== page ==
minister, in the time of their sickness, as the sure
forerunner of death; and think his office so much
relates to another world, that he is not to be treated
with, as long as there is any hope of living in this.
Whereas it is higlily requisite the minister be sent
for, when the sick person is able to be conversed
with and instructed ; and can understand, or be
taught to understand, thecase of Ids soul, and the

rules of his conscience, and all the several bearings
of religion, with respect to God, his neighbour,
and himself For to prepare a soul for its change
is a work of great difficulty ; and the intercourses
of the minister with the sick have so much variety
in them, that they are not to be transacted at
once. Sometimes there is need of sj)ecial reme-
dies against impatience, and the fear of death ; not
only to animate, but to make the person desirous
and willing to die. Sometimes it is requisite to
awaken the conscience by "the terrors of the
Lord " to open by degrees all the labyrinths of
sin flhose innumerable windings and turnings
whicl insensibly lead men into destruction,) which
the habitual sensualist can never be able to disco-
ver, unless directed by the particular grace of
God, and the assistance of a faithful and ju-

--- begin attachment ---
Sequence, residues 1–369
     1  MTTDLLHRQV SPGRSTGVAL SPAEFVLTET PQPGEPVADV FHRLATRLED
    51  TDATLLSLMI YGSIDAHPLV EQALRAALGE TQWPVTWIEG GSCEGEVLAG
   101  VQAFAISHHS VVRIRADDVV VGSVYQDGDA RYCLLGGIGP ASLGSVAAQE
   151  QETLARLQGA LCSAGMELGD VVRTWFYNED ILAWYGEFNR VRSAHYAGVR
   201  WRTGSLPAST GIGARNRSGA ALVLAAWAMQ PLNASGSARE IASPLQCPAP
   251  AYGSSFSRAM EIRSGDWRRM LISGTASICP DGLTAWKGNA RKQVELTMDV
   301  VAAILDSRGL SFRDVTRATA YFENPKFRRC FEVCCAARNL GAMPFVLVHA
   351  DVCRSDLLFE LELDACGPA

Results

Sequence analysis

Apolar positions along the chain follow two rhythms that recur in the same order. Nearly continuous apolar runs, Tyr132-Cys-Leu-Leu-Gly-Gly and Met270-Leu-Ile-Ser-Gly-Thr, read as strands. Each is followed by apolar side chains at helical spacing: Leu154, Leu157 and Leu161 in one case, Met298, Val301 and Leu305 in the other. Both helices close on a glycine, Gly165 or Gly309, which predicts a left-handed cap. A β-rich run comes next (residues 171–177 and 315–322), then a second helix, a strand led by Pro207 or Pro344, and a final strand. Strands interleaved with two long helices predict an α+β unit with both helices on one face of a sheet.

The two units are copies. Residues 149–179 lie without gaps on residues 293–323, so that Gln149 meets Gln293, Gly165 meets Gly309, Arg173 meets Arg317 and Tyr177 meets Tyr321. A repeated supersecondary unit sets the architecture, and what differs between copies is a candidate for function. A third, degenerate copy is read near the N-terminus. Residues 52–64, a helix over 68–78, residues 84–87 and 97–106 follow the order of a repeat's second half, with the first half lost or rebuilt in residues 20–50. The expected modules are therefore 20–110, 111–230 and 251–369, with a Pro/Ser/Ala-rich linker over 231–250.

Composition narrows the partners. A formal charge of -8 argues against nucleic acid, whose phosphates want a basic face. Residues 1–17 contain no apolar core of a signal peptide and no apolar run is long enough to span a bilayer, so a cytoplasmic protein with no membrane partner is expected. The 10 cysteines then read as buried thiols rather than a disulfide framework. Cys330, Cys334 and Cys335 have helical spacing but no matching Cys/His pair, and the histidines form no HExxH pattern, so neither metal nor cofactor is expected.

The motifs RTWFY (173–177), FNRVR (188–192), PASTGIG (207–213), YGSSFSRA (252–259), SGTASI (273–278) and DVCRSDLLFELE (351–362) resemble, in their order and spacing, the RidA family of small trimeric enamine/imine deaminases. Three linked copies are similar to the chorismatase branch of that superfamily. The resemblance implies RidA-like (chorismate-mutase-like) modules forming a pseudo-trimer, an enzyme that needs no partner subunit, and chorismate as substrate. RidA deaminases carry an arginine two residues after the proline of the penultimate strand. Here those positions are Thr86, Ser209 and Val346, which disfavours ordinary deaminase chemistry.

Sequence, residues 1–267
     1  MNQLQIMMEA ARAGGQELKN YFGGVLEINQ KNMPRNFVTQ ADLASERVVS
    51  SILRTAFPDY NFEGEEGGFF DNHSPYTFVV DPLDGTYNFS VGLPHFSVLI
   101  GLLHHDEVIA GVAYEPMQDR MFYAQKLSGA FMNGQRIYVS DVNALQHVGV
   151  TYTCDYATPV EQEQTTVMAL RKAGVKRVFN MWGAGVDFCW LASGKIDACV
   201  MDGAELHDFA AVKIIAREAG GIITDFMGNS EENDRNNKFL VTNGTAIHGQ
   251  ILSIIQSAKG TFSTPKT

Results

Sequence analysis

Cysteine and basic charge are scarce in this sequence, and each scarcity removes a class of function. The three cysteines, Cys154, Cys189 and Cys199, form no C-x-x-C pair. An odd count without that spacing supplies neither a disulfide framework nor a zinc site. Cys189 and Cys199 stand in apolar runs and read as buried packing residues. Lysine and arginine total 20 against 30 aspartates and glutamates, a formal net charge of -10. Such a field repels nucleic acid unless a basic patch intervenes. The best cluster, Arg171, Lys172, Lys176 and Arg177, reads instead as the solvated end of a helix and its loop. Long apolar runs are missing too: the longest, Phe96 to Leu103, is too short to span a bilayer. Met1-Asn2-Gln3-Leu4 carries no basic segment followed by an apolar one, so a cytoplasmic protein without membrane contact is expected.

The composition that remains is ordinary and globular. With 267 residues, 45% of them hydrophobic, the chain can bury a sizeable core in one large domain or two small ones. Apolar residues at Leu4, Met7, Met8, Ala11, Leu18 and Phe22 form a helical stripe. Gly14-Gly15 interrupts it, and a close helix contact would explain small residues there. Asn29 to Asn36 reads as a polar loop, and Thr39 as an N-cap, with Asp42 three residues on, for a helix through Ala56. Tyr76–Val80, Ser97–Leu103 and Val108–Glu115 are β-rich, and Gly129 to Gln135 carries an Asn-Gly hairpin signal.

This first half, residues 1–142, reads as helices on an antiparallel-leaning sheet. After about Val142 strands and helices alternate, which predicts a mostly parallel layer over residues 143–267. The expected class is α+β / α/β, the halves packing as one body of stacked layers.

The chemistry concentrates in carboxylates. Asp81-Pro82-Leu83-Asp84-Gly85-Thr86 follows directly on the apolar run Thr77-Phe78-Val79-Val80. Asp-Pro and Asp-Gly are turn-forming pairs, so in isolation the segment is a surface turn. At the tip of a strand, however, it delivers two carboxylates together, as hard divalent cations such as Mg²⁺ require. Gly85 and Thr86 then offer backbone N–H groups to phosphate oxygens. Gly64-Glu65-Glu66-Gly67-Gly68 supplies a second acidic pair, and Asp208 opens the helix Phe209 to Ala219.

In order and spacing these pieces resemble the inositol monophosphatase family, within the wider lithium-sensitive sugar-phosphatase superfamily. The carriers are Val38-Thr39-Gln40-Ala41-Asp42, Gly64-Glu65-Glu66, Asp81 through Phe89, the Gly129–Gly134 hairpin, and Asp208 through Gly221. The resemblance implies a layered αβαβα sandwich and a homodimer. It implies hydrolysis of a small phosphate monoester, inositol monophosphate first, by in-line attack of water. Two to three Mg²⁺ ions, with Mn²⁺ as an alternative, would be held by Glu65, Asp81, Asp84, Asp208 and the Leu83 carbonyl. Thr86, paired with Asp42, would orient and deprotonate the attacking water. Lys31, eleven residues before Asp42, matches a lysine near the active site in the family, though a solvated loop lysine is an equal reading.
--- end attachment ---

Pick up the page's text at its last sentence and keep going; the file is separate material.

dicious guide. Sometimes there is need of the
balm of comfort, to pour in " oil and wine" (with
the good Samaritan) into the bleeding wound,
by representing the tender mercies of God, and
the love of his Son Jesus Christ, to mankind:
and at other times it will be necessary to "reprove,
rebuke, and exhort, with all long suffering and
doctrine :" so that a clergyman's duty, in the vi-
sitation of the sick, is not over at once : but at
one time he must pray ; at another, he must assist,
advise, and direct ; at another, he must open to
hmi the nature of repentance, and exhort him to
a confession of his sins, both to God and man, in
all those cases which require it : and, at another
time, he must give him absolution, and the sacra-
ment of the body and blood of our Lord.

And, indeed, he that ought to watch all the
periods of his life, in the days of his health, lest
he should be surprised and overcome, had need,
when he is sick, be assisted and called upon, and
reminded of the several parts of his duty in every
instant of his temptation.

The want of this makes the visitations of the
clergy fruitless, because they are not suffered to
imprint those proper effects upon the sick, which
are needful in so important a ministration.

2. When the minister is come, let him discourse
concerning the causes of sickness, and by a gene-
ral argument move him to a consideration of his
condition. Let him call upon liim first, in general
terms, " to set his house in order," " to trim and
adorn his lamp," and " to prepare himself for an-
other world ;" and then let him perform the cus-
tomary duties of prayer, and afterwards descend
to other particulars, as occasion shall ofler, and
circumstances require.

3. According to the condition of the man, and



the nature of his sickness, every act of visitation
is to be proportioned. If his condition be full of
pain and infirmity, the exhortation ought to be
shortened, and the minister more " instant in
prayer:" and the little service the sick man can
do for himself should be supplied by the charitable
care of his guide, who is in such a case to speak
more to God for him than to talk to him : " prayer
of the righteous," when it is " fervent," hath a